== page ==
Title: Everything, Everything (2015)
Author: Nicola Yoon
Genre: Young Adult, Contemporary
Extent: 320 pages
Review: For the first eighteen years of her life, Maddy Whittier has been cooped up at home, 24/7 365. She suffers from Severe Combined Immunodeficiency (SCID), which basically means that she’s allergic to everything and an allergic reaction could very well be fatal. Apart from online, she only interacts with her doctor mum, and her nurse Carla. When a family moves in to the house next to theirs, Maddy gets to know Olly, a literal boy-next-door with a penchant for parkour and high places. Suddenly, living her life just like this seems to not be enough anymore…
The idea behind this book really caught my attention. This is such a unique disease—approximately one in a million, literally—and it’s great to see authors taking on new challenges and bringing in new things instead of recycling the same things over and over again (cancer, depression, grief, loss, suicide, etc.). Not that those things aren’t important, of course, but there are plenty of books written on those subjects, and this one is new.
I was surprised by how much I liked Maddy. I mean, I wasn’t expecting to dislike her, certainly, but I also very rarely actively want to be a YA main protagonist’s friend, but I definitely wanted to with this one. Maybe it’s having experienced what she has experienced, but Maddy is strong and kind-hearted, with enough curiosity about the world that I find endearing. I really enjoyed her relationship with her mum (at least at first), Carla, and Olly, too.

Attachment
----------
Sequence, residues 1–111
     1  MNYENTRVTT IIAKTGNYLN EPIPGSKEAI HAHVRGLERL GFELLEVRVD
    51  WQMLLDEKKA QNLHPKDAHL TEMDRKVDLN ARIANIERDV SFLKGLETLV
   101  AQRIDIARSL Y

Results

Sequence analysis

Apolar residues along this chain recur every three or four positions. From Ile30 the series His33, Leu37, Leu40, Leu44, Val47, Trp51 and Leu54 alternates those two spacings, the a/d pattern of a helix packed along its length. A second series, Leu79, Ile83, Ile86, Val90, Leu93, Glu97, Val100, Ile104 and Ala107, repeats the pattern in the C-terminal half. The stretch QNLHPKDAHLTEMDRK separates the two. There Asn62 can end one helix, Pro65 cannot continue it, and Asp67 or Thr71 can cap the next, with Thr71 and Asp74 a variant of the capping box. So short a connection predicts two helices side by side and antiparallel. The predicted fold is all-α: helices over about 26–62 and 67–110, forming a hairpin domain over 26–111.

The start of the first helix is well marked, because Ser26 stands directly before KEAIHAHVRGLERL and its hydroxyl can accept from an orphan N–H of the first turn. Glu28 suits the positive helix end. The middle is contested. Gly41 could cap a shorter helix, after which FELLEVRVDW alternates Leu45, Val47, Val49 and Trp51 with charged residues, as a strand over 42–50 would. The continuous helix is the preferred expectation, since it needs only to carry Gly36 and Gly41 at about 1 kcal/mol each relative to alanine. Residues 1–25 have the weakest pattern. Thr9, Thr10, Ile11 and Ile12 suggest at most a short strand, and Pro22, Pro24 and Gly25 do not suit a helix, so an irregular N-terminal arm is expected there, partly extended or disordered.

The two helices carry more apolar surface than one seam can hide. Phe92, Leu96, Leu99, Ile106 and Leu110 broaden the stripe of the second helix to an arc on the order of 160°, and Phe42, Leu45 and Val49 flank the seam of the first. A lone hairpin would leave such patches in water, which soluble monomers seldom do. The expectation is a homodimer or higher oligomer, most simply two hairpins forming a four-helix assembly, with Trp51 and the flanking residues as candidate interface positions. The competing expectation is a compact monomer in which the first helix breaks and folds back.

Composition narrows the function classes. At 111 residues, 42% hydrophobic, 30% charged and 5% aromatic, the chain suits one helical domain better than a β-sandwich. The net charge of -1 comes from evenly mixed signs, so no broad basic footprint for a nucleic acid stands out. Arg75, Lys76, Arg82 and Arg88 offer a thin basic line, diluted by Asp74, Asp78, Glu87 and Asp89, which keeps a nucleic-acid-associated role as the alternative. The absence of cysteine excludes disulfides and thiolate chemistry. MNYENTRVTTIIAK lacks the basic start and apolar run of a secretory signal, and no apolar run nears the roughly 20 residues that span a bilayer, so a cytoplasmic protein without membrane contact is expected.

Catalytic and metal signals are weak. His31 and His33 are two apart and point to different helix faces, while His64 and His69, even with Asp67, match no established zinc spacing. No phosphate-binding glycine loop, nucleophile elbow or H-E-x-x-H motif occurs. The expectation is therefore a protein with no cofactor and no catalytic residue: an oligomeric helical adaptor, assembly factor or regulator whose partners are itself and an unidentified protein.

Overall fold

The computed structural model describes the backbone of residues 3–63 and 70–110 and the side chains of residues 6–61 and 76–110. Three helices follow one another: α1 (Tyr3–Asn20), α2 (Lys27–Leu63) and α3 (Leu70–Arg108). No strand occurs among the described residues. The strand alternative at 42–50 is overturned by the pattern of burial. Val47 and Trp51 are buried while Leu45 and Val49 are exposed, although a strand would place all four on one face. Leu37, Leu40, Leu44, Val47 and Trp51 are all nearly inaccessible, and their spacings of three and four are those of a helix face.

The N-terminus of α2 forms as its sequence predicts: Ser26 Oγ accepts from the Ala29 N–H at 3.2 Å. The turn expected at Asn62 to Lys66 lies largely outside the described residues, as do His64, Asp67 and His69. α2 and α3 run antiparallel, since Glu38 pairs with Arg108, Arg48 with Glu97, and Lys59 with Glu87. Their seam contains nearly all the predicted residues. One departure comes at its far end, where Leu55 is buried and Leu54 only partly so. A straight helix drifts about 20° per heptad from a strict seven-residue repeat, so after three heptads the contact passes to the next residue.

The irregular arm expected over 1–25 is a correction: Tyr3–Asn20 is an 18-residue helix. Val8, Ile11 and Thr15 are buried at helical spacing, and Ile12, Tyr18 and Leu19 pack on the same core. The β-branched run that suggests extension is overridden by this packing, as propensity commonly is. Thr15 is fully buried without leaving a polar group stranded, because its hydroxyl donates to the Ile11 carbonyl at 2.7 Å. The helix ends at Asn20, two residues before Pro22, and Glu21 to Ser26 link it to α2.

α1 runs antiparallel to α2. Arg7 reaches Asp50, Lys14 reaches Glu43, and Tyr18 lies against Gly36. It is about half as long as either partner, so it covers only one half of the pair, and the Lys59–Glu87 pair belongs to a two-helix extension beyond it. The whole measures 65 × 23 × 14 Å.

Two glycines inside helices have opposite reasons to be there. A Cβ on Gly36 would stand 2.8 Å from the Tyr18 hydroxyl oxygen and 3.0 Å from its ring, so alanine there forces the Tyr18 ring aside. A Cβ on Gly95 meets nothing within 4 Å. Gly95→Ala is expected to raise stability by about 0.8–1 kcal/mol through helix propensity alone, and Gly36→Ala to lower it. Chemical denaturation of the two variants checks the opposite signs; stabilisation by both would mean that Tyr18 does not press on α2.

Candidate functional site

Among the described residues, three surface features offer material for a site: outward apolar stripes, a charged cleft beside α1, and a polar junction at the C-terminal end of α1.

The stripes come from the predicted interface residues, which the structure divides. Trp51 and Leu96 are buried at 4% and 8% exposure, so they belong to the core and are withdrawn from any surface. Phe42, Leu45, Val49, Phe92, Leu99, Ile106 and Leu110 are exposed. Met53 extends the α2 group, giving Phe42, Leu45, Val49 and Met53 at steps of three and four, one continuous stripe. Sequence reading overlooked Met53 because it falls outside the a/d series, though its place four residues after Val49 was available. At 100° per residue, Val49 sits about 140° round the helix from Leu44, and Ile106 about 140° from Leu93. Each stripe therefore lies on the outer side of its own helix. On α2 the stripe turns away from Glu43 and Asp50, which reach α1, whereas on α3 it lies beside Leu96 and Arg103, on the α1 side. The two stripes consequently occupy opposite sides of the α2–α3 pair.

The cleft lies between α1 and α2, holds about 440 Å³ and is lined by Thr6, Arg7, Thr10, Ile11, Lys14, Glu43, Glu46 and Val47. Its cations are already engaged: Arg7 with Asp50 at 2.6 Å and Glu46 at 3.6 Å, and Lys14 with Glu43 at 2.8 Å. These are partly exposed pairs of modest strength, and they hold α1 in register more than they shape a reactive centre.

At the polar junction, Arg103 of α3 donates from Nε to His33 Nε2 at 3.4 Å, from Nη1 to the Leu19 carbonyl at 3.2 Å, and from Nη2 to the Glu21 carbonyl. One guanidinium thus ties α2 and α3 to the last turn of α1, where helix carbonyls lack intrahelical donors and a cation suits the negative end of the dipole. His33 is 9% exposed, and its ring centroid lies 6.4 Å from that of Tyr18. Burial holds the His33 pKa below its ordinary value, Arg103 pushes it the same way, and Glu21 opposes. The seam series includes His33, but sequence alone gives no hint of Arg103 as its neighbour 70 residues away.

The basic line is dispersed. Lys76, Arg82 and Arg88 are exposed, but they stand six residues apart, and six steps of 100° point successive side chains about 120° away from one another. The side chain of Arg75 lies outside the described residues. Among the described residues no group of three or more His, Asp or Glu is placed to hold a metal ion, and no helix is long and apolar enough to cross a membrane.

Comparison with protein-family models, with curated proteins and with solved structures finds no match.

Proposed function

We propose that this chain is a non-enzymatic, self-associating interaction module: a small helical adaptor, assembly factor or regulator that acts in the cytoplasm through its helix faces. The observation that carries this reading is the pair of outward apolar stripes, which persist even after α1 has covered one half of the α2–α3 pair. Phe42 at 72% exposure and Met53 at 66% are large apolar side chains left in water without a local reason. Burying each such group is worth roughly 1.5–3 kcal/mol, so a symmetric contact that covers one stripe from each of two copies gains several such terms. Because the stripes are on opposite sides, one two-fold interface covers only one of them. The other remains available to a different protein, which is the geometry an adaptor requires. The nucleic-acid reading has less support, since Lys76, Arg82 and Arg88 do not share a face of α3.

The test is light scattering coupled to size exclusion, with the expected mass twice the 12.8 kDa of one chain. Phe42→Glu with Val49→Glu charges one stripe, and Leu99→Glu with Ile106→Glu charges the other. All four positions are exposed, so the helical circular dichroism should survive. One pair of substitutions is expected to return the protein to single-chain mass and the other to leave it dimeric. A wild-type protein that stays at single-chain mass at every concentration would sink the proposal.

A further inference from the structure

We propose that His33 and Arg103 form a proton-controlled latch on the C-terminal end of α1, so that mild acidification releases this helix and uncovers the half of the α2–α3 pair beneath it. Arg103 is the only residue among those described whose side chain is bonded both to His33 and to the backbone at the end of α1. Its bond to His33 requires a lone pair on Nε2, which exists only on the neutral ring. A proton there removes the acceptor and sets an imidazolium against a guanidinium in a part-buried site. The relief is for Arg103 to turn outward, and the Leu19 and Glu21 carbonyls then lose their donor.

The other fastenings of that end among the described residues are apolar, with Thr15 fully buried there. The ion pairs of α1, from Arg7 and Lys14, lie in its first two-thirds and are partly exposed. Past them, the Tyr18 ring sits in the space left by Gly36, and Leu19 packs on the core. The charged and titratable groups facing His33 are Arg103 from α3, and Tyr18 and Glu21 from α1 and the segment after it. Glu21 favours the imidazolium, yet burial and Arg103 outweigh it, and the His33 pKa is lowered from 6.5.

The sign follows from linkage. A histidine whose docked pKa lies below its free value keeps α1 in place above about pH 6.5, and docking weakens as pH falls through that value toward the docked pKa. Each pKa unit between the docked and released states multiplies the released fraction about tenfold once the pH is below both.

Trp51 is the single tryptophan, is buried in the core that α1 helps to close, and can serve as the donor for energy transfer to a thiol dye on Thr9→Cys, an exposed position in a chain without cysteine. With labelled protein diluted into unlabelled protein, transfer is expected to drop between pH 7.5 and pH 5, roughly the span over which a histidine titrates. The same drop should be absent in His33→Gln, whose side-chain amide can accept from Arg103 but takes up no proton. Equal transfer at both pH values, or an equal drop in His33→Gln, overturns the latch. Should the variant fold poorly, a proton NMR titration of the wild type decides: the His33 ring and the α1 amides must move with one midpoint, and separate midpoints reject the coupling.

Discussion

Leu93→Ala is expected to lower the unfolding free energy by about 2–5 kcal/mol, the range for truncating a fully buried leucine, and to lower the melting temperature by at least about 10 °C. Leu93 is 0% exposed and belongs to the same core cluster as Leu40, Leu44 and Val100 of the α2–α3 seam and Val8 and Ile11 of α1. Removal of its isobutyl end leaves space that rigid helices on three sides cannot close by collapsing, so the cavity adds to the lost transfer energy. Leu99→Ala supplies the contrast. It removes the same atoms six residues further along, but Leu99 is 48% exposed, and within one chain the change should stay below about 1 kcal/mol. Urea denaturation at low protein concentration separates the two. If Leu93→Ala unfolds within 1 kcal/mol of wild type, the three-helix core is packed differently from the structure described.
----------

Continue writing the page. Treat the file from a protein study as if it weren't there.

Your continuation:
This is a book where for once I didn’t care at all that the girl pretty much insta-loved the guy, whereas normally, that kind of thing would really turn me off. Given Maddy’s unique circumstances, it’s definitely understandable that she would fall for Olly, the one decent guy she actually got to see in real life. For what’s it worth, it surprisingly didn’t feel unnatural or forced at all. Olly is such a sweetheart, and I liked that he, too, came with his own set of problems that he had to work on his own.
The plot twist nearing the end surprised the living daylights out of me. I didn’t see it coming until the very last minute, and it felt so completely out of the left field that I had to take a moment to process it before I continued reading. Did I like it? That’s a harder question to answer. It did feel a bit like a cop-out from Yoon, and I agree with what other book bloggers have said that it cheapens the story somewhat.
Because of this, the ending didn’t quite satisfy me. There were too many things I needed to see before I could accept that it was The End, and some of these things were for Maddy’s mother to suffer some consequences for what she did (i.e. child abuse) and for Maddy to actually deal with her issues before jumping into a relationship. What happened was supposedly so traumatic for her, but she seemed to just brush it off and move on, which I didn’t think was realistic.
That being said, I liked the focus Yoon put on distinguishing between ‘being alive’ and ‘actually living life’. So often we tend to take things for granted—things as simple as walking on the grass, feeling the breeze, holding hands—not realising that to some people in the world, these things are a luxury. This is a great message, despite the unsatisfying ending.
Overall I found Everything, Everything to be an engaging, at-parts dramatic novel that will keep you turning the pages until the end. I read it in one sitting and greatly enjoyed the illustrations incorporated into the pages—apparently they were all done by Yoon’s husband!